BEND, OR -- Central Oregon’s only wildlife rescue facility is bursting at the seams, this summer. Dr. Jeff Cooney, full-time volunteer veterinarian and President of High Desert Wildlife Rescue tells KBND they're taking in five to 10 new animals each day, right now. "With all the nesting birds and all the mammals are having their litters. It’s a beautiful time of year, people are outdoors and we see a lot of people encountering wildlife. Many times there are babies out there that need to be rescued, but there are other times those babies are better off with their parents." Dr. Cooney says it's better to contact them before touching an animal if you're not sure whether it actually needs rescuing.
Dr. Cooney says, despite the rise in patients, they try not to turn any away. "If there’s a way for us to make space, we do. Sometimes, the kitchen floor where we do food prep might have an osprey in a playpen, then a great blue heron in another one, and a porcupine in a third one. It looks a little crazy in there sometimes, but that’s actually a good way to keep an animal safe and quiet and protected while it’s healing."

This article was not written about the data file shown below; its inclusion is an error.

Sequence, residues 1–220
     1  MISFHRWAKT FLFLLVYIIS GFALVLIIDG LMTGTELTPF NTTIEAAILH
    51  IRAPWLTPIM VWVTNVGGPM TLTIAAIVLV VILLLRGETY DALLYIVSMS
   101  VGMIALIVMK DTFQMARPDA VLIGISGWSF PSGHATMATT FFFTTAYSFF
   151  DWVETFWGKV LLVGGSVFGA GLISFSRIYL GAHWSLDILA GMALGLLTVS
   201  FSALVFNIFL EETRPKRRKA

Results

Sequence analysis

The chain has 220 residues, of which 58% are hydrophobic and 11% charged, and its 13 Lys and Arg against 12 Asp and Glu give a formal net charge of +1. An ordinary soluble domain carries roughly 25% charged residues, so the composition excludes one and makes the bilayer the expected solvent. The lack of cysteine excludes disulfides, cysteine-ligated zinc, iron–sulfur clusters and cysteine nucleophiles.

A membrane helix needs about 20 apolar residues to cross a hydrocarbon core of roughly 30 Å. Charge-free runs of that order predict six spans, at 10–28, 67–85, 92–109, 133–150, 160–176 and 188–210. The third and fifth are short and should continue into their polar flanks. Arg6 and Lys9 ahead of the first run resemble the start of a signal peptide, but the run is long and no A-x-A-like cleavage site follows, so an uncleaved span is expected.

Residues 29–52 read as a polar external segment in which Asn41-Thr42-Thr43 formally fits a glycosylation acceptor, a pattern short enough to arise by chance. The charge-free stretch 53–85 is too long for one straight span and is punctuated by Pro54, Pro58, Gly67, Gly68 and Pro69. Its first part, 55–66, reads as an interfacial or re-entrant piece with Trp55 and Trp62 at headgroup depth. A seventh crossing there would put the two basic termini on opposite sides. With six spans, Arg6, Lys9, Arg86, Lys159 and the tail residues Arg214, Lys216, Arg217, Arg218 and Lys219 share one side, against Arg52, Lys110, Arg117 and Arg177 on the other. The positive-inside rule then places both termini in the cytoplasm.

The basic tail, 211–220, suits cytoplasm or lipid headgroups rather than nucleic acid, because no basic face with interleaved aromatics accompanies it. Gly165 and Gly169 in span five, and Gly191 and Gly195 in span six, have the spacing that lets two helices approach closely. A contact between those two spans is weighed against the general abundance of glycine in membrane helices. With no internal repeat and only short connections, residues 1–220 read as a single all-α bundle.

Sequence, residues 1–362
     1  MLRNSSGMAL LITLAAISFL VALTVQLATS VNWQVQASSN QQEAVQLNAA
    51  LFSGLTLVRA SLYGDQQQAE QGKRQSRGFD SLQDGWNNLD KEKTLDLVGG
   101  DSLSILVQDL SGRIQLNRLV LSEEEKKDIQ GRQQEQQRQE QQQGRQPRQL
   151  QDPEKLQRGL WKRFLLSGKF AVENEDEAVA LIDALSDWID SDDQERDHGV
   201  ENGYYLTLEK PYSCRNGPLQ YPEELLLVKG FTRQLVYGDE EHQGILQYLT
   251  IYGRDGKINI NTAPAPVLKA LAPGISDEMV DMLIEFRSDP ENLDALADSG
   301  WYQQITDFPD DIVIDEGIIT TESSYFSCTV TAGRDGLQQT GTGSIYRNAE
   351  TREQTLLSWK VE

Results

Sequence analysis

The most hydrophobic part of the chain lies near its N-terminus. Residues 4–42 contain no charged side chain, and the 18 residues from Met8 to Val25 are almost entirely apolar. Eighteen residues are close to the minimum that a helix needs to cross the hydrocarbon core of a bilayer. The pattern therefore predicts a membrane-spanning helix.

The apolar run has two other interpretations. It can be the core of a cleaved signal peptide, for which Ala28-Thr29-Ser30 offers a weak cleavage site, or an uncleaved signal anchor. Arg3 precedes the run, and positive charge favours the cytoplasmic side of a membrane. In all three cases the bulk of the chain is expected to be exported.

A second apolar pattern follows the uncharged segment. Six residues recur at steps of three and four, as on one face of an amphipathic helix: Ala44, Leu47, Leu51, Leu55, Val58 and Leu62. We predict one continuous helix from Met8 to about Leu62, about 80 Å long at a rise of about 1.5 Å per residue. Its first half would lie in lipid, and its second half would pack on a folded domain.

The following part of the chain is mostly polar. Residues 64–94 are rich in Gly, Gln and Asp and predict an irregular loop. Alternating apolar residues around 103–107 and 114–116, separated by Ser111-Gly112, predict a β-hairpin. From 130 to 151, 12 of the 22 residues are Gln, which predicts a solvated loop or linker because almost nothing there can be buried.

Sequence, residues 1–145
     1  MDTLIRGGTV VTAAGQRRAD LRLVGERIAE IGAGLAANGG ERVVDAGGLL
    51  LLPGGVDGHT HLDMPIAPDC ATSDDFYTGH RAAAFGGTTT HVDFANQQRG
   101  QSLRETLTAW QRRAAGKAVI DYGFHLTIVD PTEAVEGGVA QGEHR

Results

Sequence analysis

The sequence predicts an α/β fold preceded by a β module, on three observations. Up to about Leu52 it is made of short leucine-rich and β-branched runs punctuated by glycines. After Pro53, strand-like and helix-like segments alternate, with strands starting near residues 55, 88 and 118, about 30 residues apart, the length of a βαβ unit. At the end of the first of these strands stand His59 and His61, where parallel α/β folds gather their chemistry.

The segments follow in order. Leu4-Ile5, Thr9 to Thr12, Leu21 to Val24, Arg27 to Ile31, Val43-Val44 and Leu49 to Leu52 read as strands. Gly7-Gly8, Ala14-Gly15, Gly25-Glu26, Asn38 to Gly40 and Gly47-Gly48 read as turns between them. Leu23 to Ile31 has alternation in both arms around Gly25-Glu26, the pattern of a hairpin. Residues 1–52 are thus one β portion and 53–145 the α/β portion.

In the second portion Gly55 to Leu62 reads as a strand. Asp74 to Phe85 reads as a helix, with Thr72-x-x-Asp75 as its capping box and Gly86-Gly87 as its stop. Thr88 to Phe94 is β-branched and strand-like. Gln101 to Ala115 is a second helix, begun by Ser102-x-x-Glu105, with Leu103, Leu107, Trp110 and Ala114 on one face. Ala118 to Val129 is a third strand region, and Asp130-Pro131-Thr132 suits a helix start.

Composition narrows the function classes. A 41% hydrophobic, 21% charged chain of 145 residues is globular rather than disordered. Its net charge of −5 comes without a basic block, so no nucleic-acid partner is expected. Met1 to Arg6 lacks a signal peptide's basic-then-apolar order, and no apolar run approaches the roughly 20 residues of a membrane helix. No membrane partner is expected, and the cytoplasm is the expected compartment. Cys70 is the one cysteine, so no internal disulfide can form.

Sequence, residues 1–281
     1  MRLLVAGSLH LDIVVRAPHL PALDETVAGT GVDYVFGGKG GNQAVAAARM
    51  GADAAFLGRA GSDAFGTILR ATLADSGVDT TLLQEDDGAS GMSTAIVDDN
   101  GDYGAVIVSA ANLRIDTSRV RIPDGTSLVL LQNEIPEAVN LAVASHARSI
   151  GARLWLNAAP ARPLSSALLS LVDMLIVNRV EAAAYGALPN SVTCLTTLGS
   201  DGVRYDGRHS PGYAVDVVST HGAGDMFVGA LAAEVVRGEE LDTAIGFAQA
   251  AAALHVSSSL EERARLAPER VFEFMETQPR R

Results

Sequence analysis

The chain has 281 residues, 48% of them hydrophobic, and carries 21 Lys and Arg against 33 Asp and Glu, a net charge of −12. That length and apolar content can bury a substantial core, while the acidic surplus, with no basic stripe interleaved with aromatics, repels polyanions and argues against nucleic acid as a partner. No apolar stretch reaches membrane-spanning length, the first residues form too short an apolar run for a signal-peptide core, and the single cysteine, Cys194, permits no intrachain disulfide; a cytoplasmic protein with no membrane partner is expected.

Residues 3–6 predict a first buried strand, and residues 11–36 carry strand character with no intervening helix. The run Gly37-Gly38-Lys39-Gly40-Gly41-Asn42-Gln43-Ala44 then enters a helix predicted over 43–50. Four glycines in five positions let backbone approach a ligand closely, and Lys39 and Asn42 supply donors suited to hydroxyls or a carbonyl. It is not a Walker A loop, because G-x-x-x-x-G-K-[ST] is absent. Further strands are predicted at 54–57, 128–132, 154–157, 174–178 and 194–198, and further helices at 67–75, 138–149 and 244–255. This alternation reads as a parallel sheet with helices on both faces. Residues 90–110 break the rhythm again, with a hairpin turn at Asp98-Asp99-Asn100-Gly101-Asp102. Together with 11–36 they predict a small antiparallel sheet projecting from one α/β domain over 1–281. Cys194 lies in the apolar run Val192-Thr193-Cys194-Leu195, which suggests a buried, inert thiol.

The non-profit opened its facility east of Bend two years ago, and saw about 200 animals that first year. "Last year we saw 900. This year, we’re not even through the year, and we’re already at 900. We’re probably going to get up to 1,500 animals this year, maybe 2,000. We really can’t predict. I think the more people know about us, the more people call, the more animals we get and the more help we need," Says Dr. Cooney.
He and his volunteers respond to wildlife calls 24/7, and work with local law enforcement, Fish and Wildlife and Oregon State Police, along with the general public. Animals are treated for injuries or illness and returned to the wild, when possible.
"Iggy" is a flying squirrel who lost his paws in a wildfire and wasn't able to be returned to his natural habitat.
He has become the mascot for High Desert Wildlife Rescue.